printf(“Size of pointer variable of type integer is : %d bytes. \n”,sizeof(ptra));

printf(“Size of pointer of variable of type float : %d bytes.”,sizeof(ptrb));

return 0;

}

Output

The size of the pointer variable of type integer is : 8 bytes.

Size of the pointer of the variable of type float: 8 bytes.

Does the Size of Pointer Depend on Compiler?

The size of the pointer does not depend on the compiler, but it depends on the architecture of the machine you are using. For instance, if your system is 32-bit, then the size of the pointer will be 4 bytes, but for a 64-bit system, the size of the pointer becomes 8 bytes.

Accessing Array Elements Using Pointer in C

Yes, array elements can be accessed by the use of pointers in C Programming, and the sample code is provided below.

#include <stdio.h>

int main()

{

int arr1[6];

printf(“Enter the array elements: \n”);

for(int x=0;x<6;++x)

scanf(“%d”, arr1 + x);

printf(“The entered elements are: \n”);

for (int x=0;x<5;++x)

printf(“%d\n”,*(arr1+x));

return 0;

}

Output

Enter the array elements:

1

2

5

6

7

9

The entered elements are:

1

2

5

6

7

Accessing String Using Pointers 

Yes, strings can be accessed using pointers in C programming. The below-given sample code explains how this is done. But, if you don’t have knowledge about strings in C. Then, first practiced strings in C.

#include <stdio.h>

int main(void)

{

char strng[5]=”Hey!”;

char *ptra=strng;

while(*ptra!=’\0′)

{

printf(“%c”,*ptra);

ptra++;

}

return 0;

}

Output

Hey!

Difference Between %x and %p Format Specifier 

Format specifiers are used to specifying the type of data that will be printed to the screen by the printf function. So %x serves as the format specifier for hexadecimal numbers while %p serves as the format specifier for pointer variables. But both of these ultimately print the address.

For Instance, 

#include<stdio.h>
int main()
{
int x=5;
int *ptr=&x;
printf(“%p\n”,ptr);
printf(“%x\n”,ptr);
}

Output

0x7fffe1cdc9d4

e1cdc9d4

Common Mistakes in Pointers in C Programming

Some of the mistakes that most programmers do.

Omitting Pointer

int *ptra,ptrb;

In the above line of code, pointers *ptra and ptrb of type integer have been declared. But if you notice, ptrb is declared just as an ordinary variable and not pointer variable. So, you should write this line in program like,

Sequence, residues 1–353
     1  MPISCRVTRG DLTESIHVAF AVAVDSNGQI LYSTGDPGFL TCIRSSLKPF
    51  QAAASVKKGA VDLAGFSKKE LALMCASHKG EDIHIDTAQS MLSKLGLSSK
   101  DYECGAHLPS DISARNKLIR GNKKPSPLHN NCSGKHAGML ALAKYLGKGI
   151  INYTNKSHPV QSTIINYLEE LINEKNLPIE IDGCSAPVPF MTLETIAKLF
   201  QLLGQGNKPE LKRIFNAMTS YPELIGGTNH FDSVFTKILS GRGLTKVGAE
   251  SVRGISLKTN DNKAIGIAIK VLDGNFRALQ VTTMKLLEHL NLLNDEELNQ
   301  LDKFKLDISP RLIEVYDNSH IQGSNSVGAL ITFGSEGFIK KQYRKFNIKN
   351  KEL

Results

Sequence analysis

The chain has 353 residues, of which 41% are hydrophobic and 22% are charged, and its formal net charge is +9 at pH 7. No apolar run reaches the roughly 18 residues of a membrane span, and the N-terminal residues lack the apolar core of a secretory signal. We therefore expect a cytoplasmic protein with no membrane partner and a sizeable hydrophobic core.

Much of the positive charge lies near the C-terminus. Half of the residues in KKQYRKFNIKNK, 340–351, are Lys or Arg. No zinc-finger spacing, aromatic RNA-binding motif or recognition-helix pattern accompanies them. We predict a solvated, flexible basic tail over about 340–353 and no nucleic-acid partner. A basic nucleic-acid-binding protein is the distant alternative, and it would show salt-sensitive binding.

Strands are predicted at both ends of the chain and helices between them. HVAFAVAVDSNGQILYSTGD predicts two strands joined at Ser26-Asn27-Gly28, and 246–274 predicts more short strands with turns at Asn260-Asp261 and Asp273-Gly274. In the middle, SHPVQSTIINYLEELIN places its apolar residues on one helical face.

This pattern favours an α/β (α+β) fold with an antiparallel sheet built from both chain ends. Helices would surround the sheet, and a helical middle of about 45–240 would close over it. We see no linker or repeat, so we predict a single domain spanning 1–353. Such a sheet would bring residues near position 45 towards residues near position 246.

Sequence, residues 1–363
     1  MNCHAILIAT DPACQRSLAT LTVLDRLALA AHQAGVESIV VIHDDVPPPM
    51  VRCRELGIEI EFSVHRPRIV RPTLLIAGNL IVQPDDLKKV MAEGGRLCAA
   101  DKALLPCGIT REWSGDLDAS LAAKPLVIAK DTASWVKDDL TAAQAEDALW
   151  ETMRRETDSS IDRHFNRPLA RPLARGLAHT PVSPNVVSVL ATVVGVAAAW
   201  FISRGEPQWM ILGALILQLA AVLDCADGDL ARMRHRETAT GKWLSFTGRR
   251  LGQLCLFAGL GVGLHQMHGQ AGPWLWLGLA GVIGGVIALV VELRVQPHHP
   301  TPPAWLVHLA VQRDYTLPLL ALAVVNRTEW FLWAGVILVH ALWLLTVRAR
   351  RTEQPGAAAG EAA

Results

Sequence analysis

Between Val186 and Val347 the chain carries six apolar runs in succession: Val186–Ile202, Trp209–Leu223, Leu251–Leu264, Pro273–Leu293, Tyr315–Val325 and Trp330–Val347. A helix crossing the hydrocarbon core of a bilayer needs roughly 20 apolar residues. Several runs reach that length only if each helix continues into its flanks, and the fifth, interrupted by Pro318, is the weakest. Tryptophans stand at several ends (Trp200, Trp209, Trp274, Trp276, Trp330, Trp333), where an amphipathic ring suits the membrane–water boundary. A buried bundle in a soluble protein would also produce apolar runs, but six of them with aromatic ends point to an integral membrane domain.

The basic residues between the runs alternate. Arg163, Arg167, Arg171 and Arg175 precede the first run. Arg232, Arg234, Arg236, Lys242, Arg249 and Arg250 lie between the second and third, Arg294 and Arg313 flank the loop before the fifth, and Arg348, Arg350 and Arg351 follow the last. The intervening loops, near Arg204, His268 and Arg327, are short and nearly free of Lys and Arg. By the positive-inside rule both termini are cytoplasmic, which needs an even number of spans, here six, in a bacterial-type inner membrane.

int *ptra, *ptrb;

Uninitialized Pointer

This happens when a valid address is not being assigned by the programmer to a pointer before the pointer is brought into usage.

#include <stdio.h>

int main()

{

int *ptr;//Declare Pointer ‘ptr’

*ptr=20;//Assigning value to the pointer ‘ptr’

printf (“Value %d\n”, *ptr);

return 0;

}

Comparison of Pointers in C

This happens when two pointers that point to different arrays are being compared.

#include <stdio.h>

#include <string.h>

int main()

{

char str[7]=”WORLD”;

char str1[7]=”HELLO”;

char *ptr1,*ptr2;

ptr1=str;

ptr2=str1;

if (ptr1>ptr2)

{

//required statement

}

return 0;

}

Ilegal Indirection

While declaring pointers in C programming, the value used by pointers should always be kept in mind. Example: using malloc() function

*int ptr = malloc(sizeof(int)); //This is an invalid statement

The above statement is incorrect. The correct method to allocate memory is,

int ptr=malloc(sizeof(int)); //This is the valid statement

Pointer Pointing Invalid Address

If the pointer points to invalid memory location, compiler gives a run-time error.

#include <stdio.h>

#include <stdlib.h>

int main()

{

int *ptr; //Declare pointer variable ‘ptr’

free(ptr); // Free the allocated address

*ptr=30; //Assigning value to the pointer ‘ptr’

printf(“Value %d\n”,*ptr);

return 0;

}

Types of Pointers in C Programming

Types of Pointers in C are:

  1. Null Pointer in C
  2. Wild Pointer in C
  3. Void Pointer in C/Generic Pointer
  4. Dangling Pointer in C
  5. Double Pointer in C

What is Null Pointer in C? 

In simple words, a null pointer can be defined as a pointer that does not point to any memory location. A null pointer just stores the base address. The data type of a null pointer is void, and store a Null value.

What Null means is that the pointer is pointing to the 0th memory location. The Null value is defined in a header file called stddef.

Syntax of Null Pointer 

<data type> *<Variable_Name> = NULL;

For instance, int*p = NULL;

In the above example, pointer p is an integer type pointer variable which is initialized with NULL and pointer *p is known as a NULL pointer.

For Instance, 

int *ptr=(int *)0;
float *ptr=(float *)0;
char *ptr=(char *)0;

Now let us take a look at a sample program to understand the use of Null pointers better.

First, let us take a look at the below-given code:

#include <stdio.h>

int main()

{

int *ptr;

printf(“Address of the variable is: %d”, ptr);

printf(“Value of the variable is: %d”, *ptr);

return 0;

}

When you run the above code, the program will crash or will a compile-time error. It is expected that the compiler will return a garbage value, but that does not happen because the pointer is not initialized and points to no address. So it is very harmful to keep an uninitialized pointer in a code. Now, how do we solve this problem? For that, let us take a look at another code.